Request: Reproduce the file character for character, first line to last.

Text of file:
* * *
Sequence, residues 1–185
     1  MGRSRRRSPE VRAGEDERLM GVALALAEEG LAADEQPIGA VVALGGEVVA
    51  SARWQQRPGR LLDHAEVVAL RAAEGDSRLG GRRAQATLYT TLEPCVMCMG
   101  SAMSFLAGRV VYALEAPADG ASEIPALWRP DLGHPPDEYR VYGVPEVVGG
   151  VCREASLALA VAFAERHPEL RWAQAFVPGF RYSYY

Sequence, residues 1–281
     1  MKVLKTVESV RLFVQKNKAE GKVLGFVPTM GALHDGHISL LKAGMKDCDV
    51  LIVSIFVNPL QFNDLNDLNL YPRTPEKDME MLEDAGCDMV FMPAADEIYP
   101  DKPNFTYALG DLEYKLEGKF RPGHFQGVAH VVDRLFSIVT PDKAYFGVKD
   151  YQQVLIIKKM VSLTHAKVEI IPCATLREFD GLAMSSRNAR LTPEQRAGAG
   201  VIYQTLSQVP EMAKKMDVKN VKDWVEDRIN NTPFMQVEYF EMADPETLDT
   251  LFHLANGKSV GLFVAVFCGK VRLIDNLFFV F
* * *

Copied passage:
Sequence, residues 1–185
     1  MGRSRRRSPE VRAGEDERLM GVALALAEEG LAADEQPIGA VVALGGEVVA
    51  SARWQQRPGR LLDHAEVVAL RAAEGDSRLG GRRAQATLYT TLEPCVMCMG
   101  SAMSFLAGRV VYALEAPADG ASEIPALWRP DLGHPPDEYR VYGVPEVVGG
   151  VCREASLALA VAFAERHPEL RWAQAFVPGF RYSYY

Sequence, residues 1–281
     1  MKVLKTVESV RLFVQKNKAE GKVLGFVPTM GALHDGHISL LKAGMKDCDV
    51  LIVSIFVNPL QFNDLNDLNL YPRTPEKDME MLEDAGCDMV FMPAADEIYP
   101  DKPNFTYALG DLEYKLEGKF RPGHFQGVAH VVDRLFSIVT PDKAYFGVKD
   151  YQQVLIIKKM VSLTHAKVEI IPCATLREFD GLAMSSRNAR LTPEQRAGAG
   201  VIYQTLSQVP EMAKKMDVKN VKDWVEDRIN NTPFMQVEYF EMADPETLDT
   251  LFHLANGKSV GLFVAVFCGK VRLIDNLFFV F